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A direct impact for Rhode Island
By Jessica David / October 2, 2018 /   Loading Disqus...

“Impact investing is about aligning financial investments with mission,” said Jessica David, senior vice president of Strategy and Community Investment. “We believe it is a powerful tool that will allow us to support larger scale and different kinds of projects than we typically do through our grant programs.”

The Rhode Island Foundation aims to invest up to 5 percent of the Foundation’s endowment, beyond traditional grant making efforts, in Rhode Island-based efforts that generate measurable social impact and a financial return. We will support projects that will yield a direct impact for Rhode Island.

Last week, we invited donors to get a sneak peek at one of these investments – the Urban Greens Food Co-op (still under construction) – to hear first-hand from the people behind our five current investees.

 

Jim Ryczek, Horizon Healthcare Partners (HHP):  $300,000 short-term bridge loan

HHP acts as a hub, an intermediary, a broker, and a networker on behalf of Thrive Behavioral Health, Community Care Alliance, and Newport Mental Health, by sharing unique clinical and administrative skills and expertise among its members. They were awarded a contract by the State to operate Behavioral Healthcare Link, a community-based center to improve health outcomes, reduce costs, and improve patient experience for those with behavioral health and substance abuse challenges. Our loan will fund startup costs for rehabbing the facility and two months of operating expenses.


“We believe creative, community-based behavioral health collaborations reduce risk, reduce cost, and reduce the disabling effects of mental illness.”


 

Joe Garlick, NeighborWorks Blackstone River Valley (NWBRV):  $975,000 ten-year revolving loan

NWBRV is a nonprofit community development corporation that works with residents, businesses, neighborhood institutions, partners, and communities to enrich neighborhood life and make affordable housing opportunities available throughout Northern Rhode Island. Our loan will create the Northern RI Community Development Revolving Fund, covering necessary predevelopment expenses to bring several projects to closing, at which point the investment will be repaid or invested in another project – greatly accelerating affordable housing development.


 We work with residents, communities and other stakeholders to overcome and remove the barriers that stand in the way of affordable housing development.”


 

Jennifer Hawkins, ONE Neighborhood Builders: $806,000 long-term loan

ONE Neighborhood Builders builds and renovates Providence housing for purchase or rent at affordable rates. To date, they have developed 375 affordable apartments and over 115 for-sale homes, as well as more than 50,000 square feet of commercial and community space. Foundation funds will be used for the Protecting Providence Properties (P3) pilot program, to preserve naturally-occurring affordable housing.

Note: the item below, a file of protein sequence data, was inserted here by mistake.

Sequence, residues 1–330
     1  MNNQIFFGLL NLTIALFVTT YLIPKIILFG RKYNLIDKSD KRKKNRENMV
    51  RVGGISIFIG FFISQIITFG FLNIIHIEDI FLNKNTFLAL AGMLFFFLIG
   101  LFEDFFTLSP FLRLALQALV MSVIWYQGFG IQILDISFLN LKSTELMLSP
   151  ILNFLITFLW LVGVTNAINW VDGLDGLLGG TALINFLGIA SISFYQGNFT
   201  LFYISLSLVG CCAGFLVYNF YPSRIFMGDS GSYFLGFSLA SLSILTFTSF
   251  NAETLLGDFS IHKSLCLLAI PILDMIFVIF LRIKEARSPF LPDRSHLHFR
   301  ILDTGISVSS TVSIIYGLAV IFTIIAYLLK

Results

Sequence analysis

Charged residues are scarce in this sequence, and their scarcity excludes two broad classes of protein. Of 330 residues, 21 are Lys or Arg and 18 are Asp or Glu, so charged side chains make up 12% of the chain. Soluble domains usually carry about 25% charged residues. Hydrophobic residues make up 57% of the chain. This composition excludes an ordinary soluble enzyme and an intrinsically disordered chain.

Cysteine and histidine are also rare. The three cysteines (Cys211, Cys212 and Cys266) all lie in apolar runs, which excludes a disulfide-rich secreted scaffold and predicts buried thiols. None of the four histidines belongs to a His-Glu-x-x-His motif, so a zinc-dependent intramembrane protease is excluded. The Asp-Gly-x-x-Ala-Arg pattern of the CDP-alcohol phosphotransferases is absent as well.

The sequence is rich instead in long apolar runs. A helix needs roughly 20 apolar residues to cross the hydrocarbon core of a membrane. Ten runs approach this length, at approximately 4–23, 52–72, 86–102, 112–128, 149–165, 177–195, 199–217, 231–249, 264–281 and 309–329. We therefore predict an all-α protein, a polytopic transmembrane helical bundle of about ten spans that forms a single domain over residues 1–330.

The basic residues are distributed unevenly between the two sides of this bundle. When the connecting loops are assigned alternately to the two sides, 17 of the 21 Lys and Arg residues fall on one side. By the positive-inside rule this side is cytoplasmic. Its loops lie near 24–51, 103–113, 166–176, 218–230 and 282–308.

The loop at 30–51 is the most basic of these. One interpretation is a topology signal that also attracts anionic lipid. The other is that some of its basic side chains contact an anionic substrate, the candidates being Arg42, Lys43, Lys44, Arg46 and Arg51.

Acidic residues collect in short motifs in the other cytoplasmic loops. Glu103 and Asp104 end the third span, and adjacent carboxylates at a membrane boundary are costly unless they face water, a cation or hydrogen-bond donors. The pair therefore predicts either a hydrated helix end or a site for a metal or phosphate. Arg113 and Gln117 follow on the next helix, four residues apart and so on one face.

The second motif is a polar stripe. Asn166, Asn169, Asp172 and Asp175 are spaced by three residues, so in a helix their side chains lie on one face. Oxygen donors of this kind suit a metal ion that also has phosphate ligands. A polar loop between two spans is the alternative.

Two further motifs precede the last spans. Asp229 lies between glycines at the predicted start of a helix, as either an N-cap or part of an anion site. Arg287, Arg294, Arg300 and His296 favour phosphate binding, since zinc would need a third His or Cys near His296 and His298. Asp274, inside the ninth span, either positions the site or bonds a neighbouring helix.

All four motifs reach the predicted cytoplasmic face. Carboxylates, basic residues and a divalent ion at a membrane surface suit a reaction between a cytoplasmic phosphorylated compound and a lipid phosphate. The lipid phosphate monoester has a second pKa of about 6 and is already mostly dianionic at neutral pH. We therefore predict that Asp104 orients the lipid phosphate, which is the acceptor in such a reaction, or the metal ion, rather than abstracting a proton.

These properties include many that were formerly foreclosed and blighted in addition to historic buildings that we work to preserve, saving landmarks while creating vibrant spaces to work and live.”


 

Torey Malatia, Rhode Island Public Radio: $1,000,000 bridge loan

Rhode Island Public Radio is an important source for community information and dialogue. The loan is being used to support the station’s expansion, move the 89.3FM transmitter location, seed the beginning of a new digital broadcast strategy, and hire additional staff, allowing Rhode Island’s only public radio news organization to grow their audience and continue to provide quality journalism.


“If we have to pay interest, we want it to go back into the community. And, with the Foundation, it does that.”


 

Philip Trevvett, Urban Greens Food Co-op: $300,000 purchase of preferred stock

Urban Greens began as a volunteer-run buying club with the purpose of providing a small group of Providence residents access to healthy foods near wholesale rates. Founded in 2000, the co-op grew from 22 members to over 700. Our investment has enabled Urban Greens to leverage additional funding critical to opening an 8,000-square-foot, full-scale, community-owned grocery store in the West End of Providence – a federally recognized food desert.


“Local food co-ops are community anchors: supporting the local food economy, creating jobs in a neighborhood, and encouraging participatory democracy.”


 

Nonprofit organizations, for-profit companies, and governmental entities interested in the Rhode Island Foundation’s Impact Investing strategy will find additional information and guidelines on our website. 

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